I'm hoping to get some friendly advice how to proceed with optimizing this server.

8vCPU - 2.6GHz
32GB mem

Disk speed
~3Gbps (380MBps)

Application is Librenms

my.cnf.d/server.cnf -- Built from template somewhere on github

mysqltuner.pl output

The server currently idles at around 500% cpu with Mariadb being the culprit

sar -q output

free -m output

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    I've added some information that I find hilarious.... /etc/my.cnf doesn't have any includes for the /etc/my.cnf.d directory, thus none of the changes I've made were ever changed. I've copied the file /etc/my.cnf.d/server.cnf to /etc/my.cnf and I'm having a whole new world of problems. I'm assuming I need to stop the service and clean out innodb. I should have more information available in an hour. This was brought to my attention when I realized I couldn't change any of the logging variables.
    – choseph
    Dec 7, 2020 at 23:12
  • It varies slightly on RPM distros /etc/my.cnf is read, on Deb based /etc/mysql/my.cnf is read. I'm not sure what you mean by 'clean out innodb', sounds scary. These files are only read on startup.
    – danblack
    Dec 8, 2020 at 4:12
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    Here is the config I'm working with: pastebin.com/eLwGPXmd
    – choseph
    Dec 8, 2020 at 15:18
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    "Clean out innodb" was referring to the comments at the top of my first server.cnf file that said I would need to purge the logs. That wasn't the issue. Once I got mysql logging, I had to run through the hoops of deprecated options/variables and file permission errors for socket and pid. I soaked the new config for about 15 minutes before I abandoned it and went back to stock. I added a few variables to the config for innodb pool and log buffer and file size as well as max connections. CPU still high, but more memory is being used.
    – choseph
    Dec 8, 2020 at 15:25
  • Comments are important in the config files; the processing time for them is insignificant.
    – Rick James
    Dec 8, 2020 at 19:32

2 Answers 2


Increase innodb_buffer_pool_size to be about 70% of available RAM.

High CPU implies poor indexing and/or poor query formulation. Let's see some queries and the matching SHOW CREATE TABLE.

 INDEX(`rule_id`,`device_id`,`state`)  -- handles the following:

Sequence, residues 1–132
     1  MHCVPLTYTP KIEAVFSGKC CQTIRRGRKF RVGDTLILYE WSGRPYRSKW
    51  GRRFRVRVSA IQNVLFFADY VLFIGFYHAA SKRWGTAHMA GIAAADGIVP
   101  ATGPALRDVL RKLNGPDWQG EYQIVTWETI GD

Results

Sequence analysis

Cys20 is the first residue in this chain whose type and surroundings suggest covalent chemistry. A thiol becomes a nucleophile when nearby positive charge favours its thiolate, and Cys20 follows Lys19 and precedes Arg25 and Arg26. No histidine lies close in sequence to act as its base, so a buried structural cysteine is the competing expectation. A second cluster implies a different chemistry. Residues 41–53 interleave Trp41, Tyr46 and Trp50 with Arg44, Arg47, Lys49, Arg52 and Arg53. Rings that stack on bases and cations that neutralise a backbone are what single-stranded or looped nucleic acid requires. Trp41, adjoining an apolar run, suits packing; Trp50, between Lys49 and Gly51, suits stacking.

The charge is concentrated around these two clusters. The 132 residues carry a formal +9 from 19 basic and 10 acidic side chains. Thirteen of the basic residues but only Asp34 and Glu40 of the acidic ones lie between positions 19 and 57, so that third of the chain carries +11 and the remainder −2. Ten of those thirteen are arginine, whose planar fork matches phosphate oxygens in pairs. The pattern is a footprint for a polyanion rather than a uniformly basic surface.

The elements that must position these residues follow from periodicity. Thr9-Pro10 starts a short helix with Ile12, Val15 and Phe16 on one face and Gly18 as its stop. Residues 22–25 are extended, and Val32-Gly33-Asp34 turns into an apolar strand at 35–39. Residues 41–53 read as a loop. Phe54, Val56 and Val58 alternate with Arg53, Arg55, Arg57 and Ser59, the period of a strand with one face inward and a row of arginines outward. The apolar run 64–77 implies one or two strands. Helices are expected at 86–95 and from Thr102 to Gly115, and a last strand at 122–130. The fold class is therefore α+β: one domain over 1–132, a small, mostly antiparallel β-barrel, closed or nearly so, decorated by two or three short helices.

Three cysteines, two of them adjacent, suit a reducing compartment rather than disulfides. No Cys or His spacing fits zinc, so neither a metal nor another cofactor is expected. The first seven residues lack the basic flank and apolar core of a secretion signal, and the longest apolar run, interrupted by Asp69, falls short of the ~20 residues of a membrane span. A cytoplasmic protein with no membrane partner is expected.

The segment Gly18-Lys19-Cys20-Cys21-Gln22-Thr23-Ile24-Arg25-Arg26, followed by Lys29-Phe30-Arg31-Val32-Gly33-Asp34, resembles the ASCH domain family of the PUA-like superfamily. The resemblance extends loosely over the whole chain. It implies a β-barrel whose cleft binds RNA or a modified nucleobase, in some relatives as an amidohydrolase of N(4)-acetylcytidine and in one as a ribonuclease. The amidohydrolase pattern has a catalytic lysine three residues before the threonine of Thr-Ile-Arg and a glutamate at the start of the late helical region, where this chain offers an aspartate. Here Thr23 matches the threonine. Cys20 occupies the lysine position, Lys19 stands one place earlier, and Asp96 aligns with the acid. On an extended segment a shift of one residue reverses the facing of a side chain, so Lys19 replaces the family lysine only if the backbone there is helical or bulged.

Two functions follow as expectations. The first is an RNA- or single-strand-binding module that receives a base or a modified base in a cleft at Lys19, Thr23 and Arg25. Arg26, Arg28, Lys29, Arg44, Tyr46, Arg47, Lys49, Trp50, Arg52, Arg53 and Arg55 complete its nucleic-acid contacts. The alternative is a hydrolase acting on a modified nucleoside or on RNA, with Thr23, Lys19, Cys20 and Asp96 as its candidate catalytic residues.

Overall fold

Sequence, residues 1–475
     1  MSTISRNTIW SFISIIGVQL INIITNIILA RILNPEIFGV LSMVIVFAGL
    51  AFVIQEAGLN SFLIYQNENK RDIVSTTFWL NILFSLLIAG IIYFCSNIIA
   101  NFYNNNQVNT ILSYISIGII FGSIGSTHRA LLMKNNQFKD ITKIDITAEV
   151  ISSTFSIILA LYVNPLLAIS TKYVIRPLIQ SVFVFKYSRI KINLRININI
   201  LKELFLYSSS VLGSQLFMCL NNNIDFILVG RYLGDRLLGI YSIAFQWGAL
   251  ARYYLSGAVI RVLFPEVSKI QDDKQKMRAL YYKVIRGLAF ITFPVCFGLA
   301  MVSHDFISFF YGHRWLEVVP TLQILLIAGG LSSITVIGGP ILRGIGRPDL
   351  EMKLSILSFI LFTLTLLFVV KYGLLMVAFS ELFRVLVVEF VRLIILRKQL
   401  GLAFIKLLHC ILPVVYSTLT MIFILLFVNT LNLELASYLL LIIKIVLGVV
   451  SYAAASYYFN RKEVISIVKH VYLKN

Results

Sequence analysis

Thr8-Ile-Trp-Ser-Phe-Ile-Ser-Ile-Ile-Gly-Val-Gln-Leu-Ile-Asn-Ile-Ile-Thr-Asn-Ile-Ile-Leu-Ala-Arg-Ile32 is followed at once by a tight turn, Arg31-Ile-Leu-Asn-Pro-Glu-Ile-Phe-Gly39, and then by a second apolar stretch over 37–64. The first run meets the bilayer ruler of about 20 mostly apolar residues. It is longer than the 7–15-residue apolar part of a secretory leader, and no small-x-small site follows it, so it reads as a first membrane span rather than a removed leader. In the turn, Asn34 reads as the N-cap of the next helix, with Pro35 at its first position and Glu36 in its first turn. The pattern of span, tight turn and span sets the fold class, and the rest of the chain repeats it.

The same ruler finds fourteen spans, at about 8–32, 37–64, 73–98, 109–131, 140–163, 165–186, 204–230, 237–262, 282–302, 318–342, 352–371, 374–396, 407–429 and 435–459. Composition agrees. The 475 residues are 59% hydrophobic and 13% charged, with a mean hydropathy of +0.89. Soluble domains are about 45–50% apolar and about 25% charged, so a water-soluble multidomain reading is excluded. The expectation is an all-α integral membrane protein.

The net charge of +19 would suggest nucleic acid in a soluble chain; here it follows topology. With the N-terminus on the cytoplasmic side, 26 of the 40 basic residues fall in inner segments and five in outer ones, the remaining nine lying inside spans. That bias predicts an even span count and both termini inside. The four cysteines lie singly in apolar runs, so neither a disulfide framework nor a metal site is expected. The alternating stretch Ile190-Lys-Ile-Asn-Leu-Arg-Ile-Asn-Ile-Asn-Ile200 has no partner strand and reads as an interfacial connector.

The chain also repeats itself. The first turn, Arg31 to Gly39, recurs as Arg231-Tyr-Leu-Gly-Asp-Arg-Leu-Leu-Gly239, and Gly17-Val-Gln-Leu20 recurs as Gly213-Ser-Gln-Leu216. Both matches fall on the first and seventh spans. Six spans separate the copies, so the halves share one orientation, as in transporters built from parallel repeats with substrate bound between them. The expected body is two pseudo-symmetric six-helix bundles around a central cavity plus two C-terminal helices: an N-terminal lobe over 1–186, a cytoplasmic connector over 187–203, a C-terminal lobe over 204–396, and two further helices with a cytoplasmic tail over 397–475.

INDEX(`rule_id`,`device_id`)   -- DROP
 INDEX(`rule_id`)   -- DROP


 INDEX(state, time_logged)

Shrink INTs to some smaller datatype. Saving space speeds up the query a little.

Invert the query -- Find the 50 rows, then do the JOINs:

    FROM (
        SELECT id FROM log
            WHERE ...
            ORDER BY  time_logged DESC
            LIMIT  0,50
    JOIN log AS e USING(id)  -- to get other columns from log
    JOIN the other tables for the other columns
    ORDER BY  time_logged DESC  -- repeat if ORDER matters

Use pt-query-digest to summarize the slowlog; it will be easier to spot the "worst" queries.

Other issues...

  • max_connections = 200000 is ridiculously high, even dangerously high. That is the number of "connections" to allow at any one time. RAM is consumed for each connection. Do SHOW GLOBAL STATUS LIKE 'Max_used_connections'; to see that you have not come anywhere near that value. 100 is a safe starting value until you have a reason to increase it.
  • Notice (in slowlog) Rows_examined: 973090. How many rows in each of the tables? The changes I suggest will probably bring that number down, though probably not down to the optimal of 50 (as in Rows_sent: 50).
  • An owl can turn its head almost all the way around. That is how my head feels when I see a LEFT JOIN and RIGHT JOIN in the same statement. My head would appreciate it if you could turn that RIGHT JOIN into a suitable LEFT JOIN or, if appropriate, INNER JOIN. In particular, in the queries with AND R.severity >= 2, it really is an INNER JOIN.